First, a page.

With winter just beginning, European natural gas prices have once again reached record highs, as worries grow over potential supply disruptions because of tensions over Ukraine or from cold weather.
“We are literally at the mercy of the weather for the next month or two,” said Henning Gloystein, an analyst at Eurasia Group, a political risk firm.
On Europe’s main trading hub for natural gas, the TTF in the Netherlands, futures are trading at their highest levels in more than a decade and are roughly eight times their value of a year ago.
Around $41 per million British thermal units, the gas futures are priced at more than 10 times what gas is selling for in the United States and comparable to about $230 a barrel for oil, figures Laura Page, a gas analyst at Kpler, a research firm. (Brent crude is now trading for about $73 a barrel.)
Alarm bells about gas prices started sounding late last summer. Prices hit a peak in October, but lately they have resumed climbing, reaching new highs. Several factors are pushing prices higher, including the fact that supplies are straining to keep up with strong demand as the effects of the pandemic lockdowns ease.
At the same time, import volumes from Russia, Europe’s chief supplier, remain low. The buildup of Russian troops on the border with Ukraine is both creating worries over the possibility of disruptions of gas flows through that country, and the political tension is making it unlikely that Nord Stream 2, the recently completed but not approved gas pipeline between Russia and Germany, will open anytime soon.
Germany’s new foreign minister, Annalena Baerbock, sent gas prices soaring on Monday when she said the giant pipeline could not be certified because it did not meet European Union rules.
Whatever happens with Ukraine, Europe has not built up sufficient gas in storage to guarantee that there will be enough fuel to heat homes and power businesses if the weather turns frigid, as some forecasters predict.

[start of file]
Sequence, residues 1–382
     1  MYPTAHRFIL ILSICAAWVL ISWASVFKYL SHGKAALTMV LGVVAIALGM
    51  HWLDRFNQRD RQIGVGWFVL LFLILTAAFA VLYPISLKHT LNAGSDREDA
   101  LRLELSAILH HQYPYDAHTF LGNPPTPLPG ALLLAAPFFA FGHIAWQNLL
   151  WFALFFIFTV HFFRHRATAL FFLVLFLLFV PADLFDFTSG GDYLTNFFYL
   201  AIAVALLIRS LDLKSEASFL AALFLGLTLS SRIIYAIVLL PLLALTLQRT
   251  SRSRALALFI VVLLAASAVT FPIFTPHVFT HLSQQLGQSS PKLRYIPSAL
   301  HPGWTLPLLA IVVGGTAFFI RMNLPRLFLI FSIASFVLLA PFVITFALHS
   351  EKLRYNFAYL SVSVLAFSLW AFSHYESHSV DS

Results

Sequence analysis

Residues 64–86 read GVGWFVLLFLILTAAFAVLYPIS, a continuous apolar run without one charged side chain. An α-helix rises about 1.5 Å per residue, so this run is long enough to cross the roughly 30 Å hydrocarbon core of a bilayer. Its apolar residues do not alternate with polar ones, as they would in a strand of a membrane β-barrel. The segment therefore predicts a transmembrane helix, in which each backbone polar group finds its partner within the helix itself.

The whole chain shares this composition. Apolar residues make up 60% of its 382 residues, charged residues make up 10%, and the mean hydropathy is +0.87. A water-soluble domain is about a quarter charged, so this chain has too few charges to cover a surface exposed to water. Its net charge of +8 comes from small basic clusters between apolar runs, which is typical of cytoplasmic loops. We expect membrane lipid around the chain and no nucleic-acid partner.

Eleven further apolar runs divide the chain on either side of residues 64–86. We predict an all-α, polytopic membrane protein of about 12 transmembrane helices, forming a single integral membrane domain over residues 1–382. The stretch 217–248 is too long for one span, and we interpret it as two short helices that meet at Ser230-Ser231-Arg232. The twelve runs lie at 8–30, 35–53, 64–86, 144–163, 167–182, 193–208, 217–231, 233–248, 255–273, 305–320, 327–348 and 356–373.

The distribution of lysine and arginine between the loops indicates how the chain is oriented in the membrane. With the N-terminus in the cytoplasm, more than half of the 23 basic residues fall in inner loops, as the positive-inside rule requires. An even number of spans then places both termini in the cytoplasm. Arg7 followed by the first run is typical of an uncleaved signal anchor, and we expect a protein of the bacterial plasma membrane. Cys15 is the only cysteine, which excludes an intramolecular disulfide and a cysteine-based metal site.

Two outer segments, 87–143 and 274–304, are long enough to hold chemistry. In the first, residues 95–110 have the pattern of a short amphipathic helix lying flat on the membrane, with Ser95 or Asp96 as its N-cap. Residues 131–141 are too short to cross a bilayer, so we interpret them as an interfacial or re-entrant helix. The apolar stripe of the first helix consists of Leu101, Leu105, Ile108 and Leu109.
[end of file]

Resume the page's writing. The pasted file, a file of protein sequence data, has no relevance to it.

Europe burns far more gas in the winter than in summer, and European gas suppliers last summer failed to replenish inventories that were drained by a late cold snap last spring. Adding to concerns, in November European storage facilities “depleted at the fastest rate since records began,” according to Ms. Page of Kpler.
Much of course depends on the weather and whether tensions ease over Ukraine, but analysts say the market is likely to be on edge at least until the peak of winter — bad news for businesses that use large amounts of gas, like fertilizer producers or metals smelters.
Elevated gas prices will continue to push electricity bills higher in countries like Britain and Italy that use large amounts of gas to generate power. Rising bills in turn will squeeze consumers and boost inflation, which hit 5.1 percent in Britain for November, the highest in a decade.
In the United States, drivers have seethed over having to pay high gasoline prices, but the natural gas that they use for heating and cooking may become cheaper. U.S. prices, which rose rapidly in October, have since dropped sharply, though they remain up about 50 percent since January.
The United States enjoys a big advantage over Europe, which depends heavily on fuel imports. American markets have abundant domestic natural gas production in part because of shale drilling.
Three women who interned at SpaceX said they faced sexual harassment and unwanted advances from other interns as well as men in more senior positions across a range of workplace incidents, some of which went without punishment.
Ashley Kosak, a former intern who later became a full-time engineer at SpaceX, wrote in an essay published on the website Lioness on Tuesday that a male intern groped her in 2017 while she was doing dishes in company housing shared by interns. She also said a male colleague ran his hand up her torso in 2018 at a company event.
She reported the 2017 episode that year to her manager, she said, and the 2018 episode to SpaceX’s human resources department the day after it happened. She said she never received responses to those complaints. Ms. Kosak’s account shared similarities with accounts from other former interns at the company. READ MORE ->
A New York trial court judge on Tuesday issued a clarification in an order that has temporarily prevented The New York Times from seeking out or publishing certain documents related to the conservative group Project Veritas, allowing The Times some latitude to report on the organization until a final ruling is reached.
The clarification, by Justice Charles D. Wood of State Supreme Court in Westchester County, came in response to a formal request from Times lawyers on Monday. In the request, The Times asked that the order be dissolved, while also requesting that the court clarify what it could and could not publish. READ MORE ->
Today in the On Tech newsletter, Shira Ovide writes that in the start-up world, there can be big payoff for investing and little incentive for asking questions.